In Swindon, Honda’s main UK plant has sat idle for days as a lack of parts prevents its 3,500 workers from assembling new vehicles. On the social network Reddit, video gamers desperate for the latest graphics cards swap tips on what cities they should fly to in order to procure precious stock. Schools around the world, unable to get hold of Chromebooks, have struggled to get laptops into pupils’ hands.
These are different problems, but have the same root cause: a global shortage of microchips that is rippling across multiple industries and which experts say may take more than a year to recover from.
The intricate and expensive business of making chips is going through its biggest supply squeeze in years, with production bottlenecks and record demand pushing up prices and holding up supply chains in multiple other industries.
“It’s not unusual for things to get tight, but it’s unusual for things to get tight this quickly,” says Chris Caso, an analyst at Raymond James. “There has been such a gap between what people thought was going to happen and what is actually happening.”
The $433bn (£317bn) semiconductor industry, which produces the brains behind the world’s electronics, is a delicate balancing act between demand and supply. The highly-specialised equipment and factories that produce chips’ microscopic transistors and switches are carefully calibrated to maximum efficiency. In recent years, this process has become even more finely tuned as the consumer electronics boom has demanded more efficient chips in higher numbers.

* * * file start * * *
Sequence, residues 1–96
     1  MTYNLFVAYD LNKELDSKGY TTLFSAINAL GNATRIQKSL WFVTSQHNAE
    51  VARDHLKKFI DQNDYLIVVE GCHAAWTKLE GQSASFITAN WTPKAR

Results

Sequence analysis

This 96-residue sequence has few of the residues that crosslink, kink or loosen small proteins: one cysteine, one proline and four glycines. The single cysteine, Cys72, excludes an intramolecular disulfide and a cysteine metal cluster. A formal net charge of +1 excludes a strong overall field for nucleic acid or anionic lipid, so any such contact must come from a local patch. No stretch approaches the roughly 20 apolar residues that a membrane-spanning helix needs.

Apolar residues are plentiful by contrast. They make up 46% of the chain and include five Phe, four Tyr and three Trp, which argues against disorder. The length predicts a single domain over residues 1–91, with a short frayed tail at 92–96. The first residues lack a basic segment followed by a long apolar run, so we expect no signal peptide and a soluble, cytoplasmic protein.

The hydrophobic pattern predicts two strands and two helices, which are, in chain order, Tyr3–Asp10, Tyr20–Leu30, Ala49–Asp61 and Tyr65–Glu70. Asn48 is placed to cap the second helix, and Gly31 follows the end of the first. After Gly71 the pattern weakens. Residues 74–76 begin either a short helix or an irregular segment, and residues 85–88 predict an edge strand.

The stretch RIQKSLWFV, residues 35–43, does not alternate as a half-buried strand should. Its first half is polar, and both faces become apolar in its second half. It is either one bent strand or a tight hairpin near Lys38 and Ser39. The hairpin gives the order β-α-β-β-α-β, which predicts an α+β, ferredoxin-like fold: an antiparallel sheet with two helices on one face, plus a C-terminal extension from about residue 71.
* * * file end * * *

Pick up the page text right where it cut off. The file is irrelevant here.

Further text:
It is a system in which shocks are not welcome. So the way the coronavirus pandemic has upended consumer habits has left chip manufacturers scrambling to respond to them. Lockdowns have dramatically boosted sales of PCs and games consoles, whose graphics units are among the most highly-specialised chips. AMD and Nvidia, which supply graphics chips, have said supply will be constrained well into 2021.
Donald Trump’s efforts to crush Huawei by blocking companies from supplying the Chinese giant’s chip unit, HiSilicon, has squeezed supply of smartphone components, right as 5G devices, which require more advanced chips, become mainstream. But it is the car industry that has been most affected.
In recent weeks, multiple carmakers have shut down production due to a lack of the chips used in everything from entertainment systems to electric motors. Volkswagen has said it will make 100,000 fewer cars this quarter as a result of the shortage. This week, Ford said it would close a plant in Germany for a month.
Ben Jackson, a former chip industry executive and consultant on automotive semiconductors, said car companies had cut orders in the early months of the pandemic, fearing a significant drop in demand than materialised. While car sales did indeed fall last year, the drop was well below what the industry had prepared for.
“The semiconductor industry does not like sudden changes in demand. Ramping up and down production lines in a matter of days is really not something you do,” he says. “Bringing in additional capacity in semiconductors is not something that can just happen overnight. You're into billions of dollars to build new front end capacity.”